I'll be writing more about postmarketOS and related topics, such as Alpine Linux and maybe Halium on this blog. But also about experiments with crowdfunding the whole thing to make it my next day job. Feel free to write me more questions.
Any plans to collaborate with Halium?
Yes, I hope we can share udev rules, unify kernels and maybe work on a few other parts together! But keep in mind, that postmarketOS has a different architecture (mostly due to Alpine Linux, which is required for
pmbootstrap), so it can not build on the Halium stack and this will not be a goal in the future. It does not use the glibc, systemd or the Android build system, or run Android next to its Linux kernel, musl libc and BusyBox userland.
Why did you wait so long before releasing anything?
I needed to make sure, that
pmbootstrap is safe to use. It downloads Alpine's
apk (Alpine Linux package manager, not to be confused with the Android app format) binary from the Internet and executes it with root rights. This means, that
apk needs to be verified properly before execution (GPG key signature check with
openssl, minimum required version), and the whole verification process needed to have testcases (which it does now). Furthermore I took my time to put up this blog and write the announcement, as well as the rest of the content.
Oh and I did actually release my Alpine cross-compiling efforts about a month earlier.
Why don't you you use the "GNU/Linux" wording on this blog anymore (instead of just "Linux")?
GNU/Linux implies that the system is based on the Linux kernel, and then uses GNU software (the GNU Lib C, and the GNU coreutils) to put that kernel to some use. An astonishing part of the software in most GNU/Linux distributions comes from the GNU project, up to the point, that Linux alone would not be usable without GNU. That's why people close to the GNU community would rather have people call it "GNU/Linux".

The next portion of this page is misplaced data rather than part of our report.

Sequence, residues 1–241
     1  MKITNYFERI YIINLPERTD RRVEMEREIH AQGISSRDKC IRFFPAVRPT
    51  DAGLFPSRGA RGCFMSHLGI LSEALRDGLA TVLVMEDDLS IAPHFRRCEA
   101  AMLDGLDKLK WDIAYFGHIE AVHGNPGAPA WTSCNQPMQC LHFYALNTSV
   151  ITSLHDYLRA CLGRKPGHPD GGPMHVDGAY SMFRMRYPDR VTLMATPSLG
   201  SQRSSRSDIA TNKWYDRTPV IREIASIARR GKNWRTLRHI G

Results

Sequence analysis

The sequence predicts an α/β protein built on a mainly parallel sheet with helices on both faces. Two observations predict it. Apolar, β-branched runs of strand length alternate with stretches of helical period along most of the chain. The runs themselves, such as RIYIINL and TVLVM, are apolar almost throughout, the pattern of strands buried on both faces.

By using the "GNU/Linux" term for postmarketOS (and therefore Alpine), I wanted to make a contrast between "classic" Linux distributions and the Android Linux environment. However, the Alpine developers were a bit offended by my wording and wanted me to make the distinction clear (and I have no problem with that, as long as my readers understands what I intend to do with postmarketOS — to bring classic Linux on the phone!).
Alpine has replaced a lot of GNU components. Foremost GNU libc with musl and the coreutils with BusyBox. Pretty much the only components left are GCC and the binutils (and they are even considering to replace them — but not because they don't like GNU, but because they want to use the in their opinion best software that the open source community has to offer). For regular users, the biggest deal is, that you can't just take software that is compiled for glibc and run it on musl (musl is working on binary compatibility, but it doesn't always work, as I have experienced myself while developing postmarketOS).
However, if you are concerned now, that Alpine isn't what you expected and you will be confronted with lots of unknown software: There's good news for you. While you can't replace the libc, you can replace pretty much every other component of the system just by installing other packages (including just about any GNU package). You don't want to use the BusyBox shell? That's fine, just install bash or zsh (
apk add zsh) and you're done.
Which blog software do you use?